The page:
updating, by said particular node, a cached directory block in memory by either creating a new directory entry in said directory block or deleting an existing directory entry from said directory block;
sending, by said particular node, a new RPC to said metanode to reserve space in said directory block;
responsive to said particular node receiving a result of said RPC from said metanode with said reserved space, allocating and initializing a new file system object and inserting into said directory block said filename and a reference which points to said allocated new file system object; and
responsive to said metanode detecting there is insufficient space left to reserve in said directory block, said metanode acquiring a name-based range lock for a range of filenames that covers all filenames that might be found in said directory block, revoking all name-based lock tokens corresponding to said filenames that have been previously requested from said token manager by said multiple nodes, triggering said nodes with pending updates to said directory block to send said updates to said metanode, and responsive to said metanode receiving said updates, allocating a new directory block and extending the directory block to make room for more entries by moving a selection of directory entries in the directory block to the new directory block.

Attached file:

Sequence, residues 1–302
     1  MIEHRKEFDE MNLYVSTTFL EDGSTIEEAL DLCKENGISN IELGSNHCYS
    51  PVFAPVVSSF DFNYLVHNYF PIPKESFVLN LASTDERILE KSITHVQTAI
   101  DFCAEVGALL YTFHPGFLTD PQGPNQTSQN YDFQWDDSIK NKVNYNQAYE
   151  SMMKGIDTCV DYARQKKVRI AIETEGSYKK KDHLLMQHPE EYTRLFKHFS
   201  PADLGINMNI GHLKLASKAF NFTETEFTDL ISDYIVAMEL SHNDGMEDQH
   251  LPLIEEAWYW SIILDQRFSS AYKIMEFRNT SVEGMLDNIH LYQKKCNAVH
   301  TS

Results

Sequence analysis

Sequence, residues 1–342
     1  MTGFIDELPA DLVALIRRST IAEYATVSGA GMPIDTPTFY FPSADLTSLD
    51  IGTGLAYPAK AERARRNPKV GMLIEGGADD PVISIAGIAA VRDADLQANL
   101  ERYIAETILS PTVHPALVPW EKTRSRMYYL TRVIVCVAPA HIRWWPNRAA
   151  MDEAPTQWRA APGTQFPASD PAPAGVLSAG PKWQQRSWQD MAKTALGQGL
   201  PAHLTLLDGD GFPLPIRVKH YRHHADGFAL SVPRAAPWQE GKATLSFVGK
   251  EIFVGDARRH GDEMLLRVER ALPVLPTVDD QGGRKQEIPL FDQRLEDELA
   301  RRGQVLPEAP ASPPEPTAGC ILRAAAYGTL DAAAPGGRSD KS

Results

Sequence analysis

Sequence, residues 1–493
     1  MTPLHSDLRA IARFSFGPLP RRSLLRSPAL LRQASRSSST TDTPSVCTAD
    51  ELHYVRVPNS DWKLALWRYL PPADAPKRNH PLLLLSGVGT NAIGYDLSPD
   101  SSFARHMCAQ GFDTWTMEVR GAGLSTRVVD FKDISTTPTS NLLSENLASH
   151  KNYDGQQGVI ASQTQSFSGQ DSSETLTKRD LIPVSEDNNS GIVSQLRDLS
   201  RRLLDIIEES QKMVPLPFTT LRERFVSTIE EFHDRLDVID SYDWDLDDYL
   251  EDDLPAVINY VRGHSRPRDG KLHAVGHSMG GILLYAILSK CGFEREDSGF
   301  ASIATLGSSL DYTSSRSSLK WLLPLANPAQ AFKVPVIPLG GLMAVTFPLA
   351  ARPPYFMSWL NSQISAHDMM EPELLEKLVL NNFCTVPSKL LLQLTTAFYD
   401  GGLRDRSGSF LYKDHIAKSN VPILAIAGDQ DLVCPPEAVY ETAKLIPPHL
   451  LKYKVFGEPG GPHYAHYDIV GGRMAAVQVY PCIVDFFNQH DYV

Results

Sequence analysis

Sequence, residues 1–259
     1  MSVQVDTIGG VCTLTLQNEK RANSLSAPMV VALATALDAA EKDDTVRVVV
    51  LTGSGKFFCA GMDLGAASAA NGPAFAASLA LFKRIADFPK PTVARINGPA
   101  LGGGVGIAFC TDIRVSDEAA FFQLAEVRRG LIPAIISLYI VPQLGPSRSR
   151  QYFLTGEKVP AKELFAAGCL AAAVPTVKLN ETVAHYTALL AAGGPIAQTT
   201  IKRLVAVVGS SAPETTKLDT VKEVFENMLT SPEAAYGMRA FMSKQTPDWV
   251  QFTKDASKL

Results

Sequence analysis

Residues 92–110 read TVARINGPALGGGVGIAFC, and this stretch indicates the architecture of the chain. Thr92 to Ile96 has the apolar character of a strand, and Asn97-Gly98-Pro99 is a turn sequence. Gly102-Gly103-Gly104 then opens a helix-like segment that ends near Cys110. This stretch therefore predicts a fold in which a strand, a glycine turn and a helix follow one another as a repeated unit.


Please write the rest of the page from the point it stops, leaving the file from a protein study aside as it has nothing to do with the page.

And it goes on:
2. The method as in claim 1, said deleting said existing directory entry from said directory block comprising:
removing said directory entry from said directory block;
decrementing a link count in an inode containing attributes of said file referred to by said filename; and
responsive to said link count decrementing to zero, freeing a portion of disk space occupied by a file system object for said file and freeing said inode.
3. The method as in claim 1, further comprising sending information regarding said updating to said metanode on one of: periodic schedule, a subsequent synchronization event, or when said name-based lock token is revoked.
4. The method as in claim 1, further comprising switching dynamically between name-based locking based on a hash value for a particular file name and directory block locking based on a range of hash values of a plurality of possible file names stored in a directory block.
5. The method as in claim 4, wherein switching dynamically between name-based locking and directory block locking further comprises: when a name-based lock token is requested, said token manager collecting data, and if there was no recent directory activity on other nodes in said file system, said token manager granting a name-based lock token covering said range of hash values of said plurality of possible filenames and, after obtaining said name-based lock, further accessing directory blocks and updating without sending additional RPCs to said metanode.
6. The method as in claim 1, said name-based locking comprising:
computing said hash value for said filename; and
utilizing said hash value to obtain said named-based lock.
7. The method as in claim 1, assigning different nodes of said multiple nodes in said file system to handle different directory blocks within said directory.
8. The method as in claim 1, further comprising distributing a workload of said token manager by assigning sub-ranges of filenames to other nodes from among the multiple nodes in said file system.